Yesterday I was reminded why we are all on what it feels like a crazy rat race…
Sometimes it is easy to forget this…with grades due, parents to call, lessons to plan, and all of the other deadlines that we experience day in and day out. I really appreciated being reminded of that. We are in the education profession to make a difference in a student’s life. The person that reminded me was speaking to a group of teachers and he started with “I was going to tell you what a great job you are doing but I have changed my mind. Instead let’s talk about what your job really is…Your job is to make a difference for students.” He was so right. Teachers and educational leaders need to be reminded of this sometimes, especially when everything gets hectic – It is easy to lose sight of what is important and to get caught up in the day-to-day demands.
“Education is the key to unlocking the world, a passport to freedom.” – Oprah Winfrey. This is the difference that we make every day as teachers and educational leaders. We are improving the future of our student’s lives by increasing their knowledge and chances for higher education – whether it is college or some type of professional certification. An education is the best way to insure that our students have a fighting chance at being a successful adult (however they define that). Horace Mann stated, “Education then, beyond all other devices of human origin, is the great equalizer of the conditions of men, the balance-wheel of the social machinery.“
So remember this when you when you wonder why you are working so hard – there is a reason for planning that lesson or taking the time to write the extra feedback beyond trying to get our students to pass that test. There is a bigger picture – remember that and do what you do best – make a difference.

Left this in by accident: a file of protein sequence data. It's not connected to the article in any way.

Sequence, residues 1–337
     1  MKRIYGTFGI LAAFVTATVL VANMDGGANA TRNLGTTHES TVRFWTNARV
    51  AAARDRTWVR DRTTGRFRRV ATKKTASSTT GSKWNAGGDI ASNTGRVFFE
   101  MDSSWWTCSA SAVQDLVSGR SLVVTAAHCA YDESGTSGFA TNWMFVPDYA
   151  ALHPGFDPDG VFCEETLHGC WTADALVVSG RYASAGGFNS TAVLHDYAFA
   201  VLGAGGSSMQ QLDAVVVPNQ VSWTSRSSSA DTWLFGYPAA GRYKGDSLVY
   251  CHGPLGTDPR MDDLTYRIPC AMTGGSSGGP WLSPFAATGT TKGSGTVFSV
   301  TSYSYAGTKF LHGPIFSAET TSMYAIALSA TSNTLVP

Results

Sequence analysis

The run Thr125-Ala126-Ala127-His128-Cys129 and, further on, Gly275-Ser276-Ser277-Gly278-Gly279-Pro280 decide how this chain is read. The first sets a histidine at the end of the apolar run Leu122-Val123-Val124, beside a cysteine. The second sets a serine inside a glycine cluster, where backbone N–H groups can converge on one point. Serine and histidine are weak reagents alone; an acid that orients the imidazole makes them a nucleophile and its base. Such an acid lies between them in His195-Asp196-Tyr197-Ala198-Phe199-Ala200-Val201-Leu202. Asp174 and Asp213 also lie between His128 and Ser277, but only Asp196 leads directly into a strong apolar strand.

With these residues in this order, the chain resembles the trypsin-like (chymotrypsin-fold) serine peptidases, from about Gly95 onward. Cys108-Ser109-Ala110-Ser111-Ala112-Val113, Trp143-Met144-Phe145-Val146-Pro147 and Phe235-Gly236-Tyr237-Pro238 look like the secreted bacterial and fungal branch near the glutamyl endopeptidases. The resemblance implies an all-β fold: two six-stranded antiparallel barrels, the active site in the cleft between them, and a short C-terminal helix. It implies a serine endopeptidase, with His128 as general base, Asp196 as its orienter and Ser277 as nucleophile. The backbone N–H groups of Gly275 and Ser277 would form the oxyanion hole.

Educators are a part of a greater plan and make the difference in our student’s lives.
Earlier this week I received an update from Dan Meyer’s Blog. This particular post was about the electronic platforms and how they sometimes hinder the pedagogical choices of teachers. The link to the blog is http://blog.mrmeyer.com/?p=17917&utm_source=feedburner&utm_medium=email&utm_campaign=Feed%3A+dydan1+%28dy%2Fdan+posts+%2B+lessons%29. (This has been continued with two more updated posts on entitled “Dashboards are Hard #1 & #2. )
When I read this post, I had to reply. I had just experienced a very frustrating class with my developmental math college students where I often have a choice to teach in the same manner/order as the computer program they are required to use (by the college) or I can do what I know is best which has caused problems for my students in the past. I believe in teaching concepts – not slivers (section by section) but if I do this then my students are not prepared to use the computer program that they are required to use. It is very frustrating – the college insists that I continue to perpetuate the kind of instruction that has assisted these students to be in my class in the first place.
Later that day I received an article from the NY Times, http://www.nytimes.com/2013/09/03/science/applying-new-rigor-in-studying-education.html?_r=0 which said that research has found that the choice of instructional materials — textbooks, curriculum guides, homework, quizzes — can affect achievement as profoundly as teachers themselves; a poor choice of materials is at least as bad as a terrible teacher, and a good choice can help offset a bad teacher’s deficiencies. At first this surprised me and then I realized that the instructional materials included electronic platforms and the yes, a bad resource does effect my effectiveness as a teacher. Just as I knew from my work with curriculum that good resources help teachers be more successful – especially struggling teachers.
So what a quandry here…do I stop teaching these students that I have a true place in my heart for because the resources that the college demands of me to use make me question my integrity as a teacher. I do understand one of the reasons why districts and colleges require specific resources to be used. This practice has several purposes; one of which is to try to raise the level of effectiveness of teachers and another would be to try to regulate the curriculum that is taught. I will continue to try to work around the system that I am required to use so I can do what I feel is best for my students.